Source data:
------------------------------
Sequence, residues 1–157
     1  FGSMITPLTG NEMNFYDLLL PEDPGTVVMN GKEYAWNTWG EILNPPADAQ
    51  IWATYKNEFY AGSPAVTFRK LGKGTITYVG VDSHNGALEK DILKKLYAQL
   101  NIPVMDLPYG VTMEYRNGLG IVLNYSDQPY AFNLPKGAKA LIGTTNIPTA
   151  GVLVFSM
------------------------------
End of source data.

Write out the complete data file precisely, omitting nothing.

Sequence, residues 1–157
     1  FGSMITPLTG NEMNFYDLLL PEDPGTVVMN GKEYAWNTWG EILNPPADAQ
    51  IWATYKNEFY AGSPAVTFRK LGKGTITYVG VDSHNGALEK DILKKLYAQL
   101  NIPVMDLPYG VTMEYRNGLG IVLNYSDQPY AFNLPKGAKA LIGTTNIPTA
   151  GVLVFSM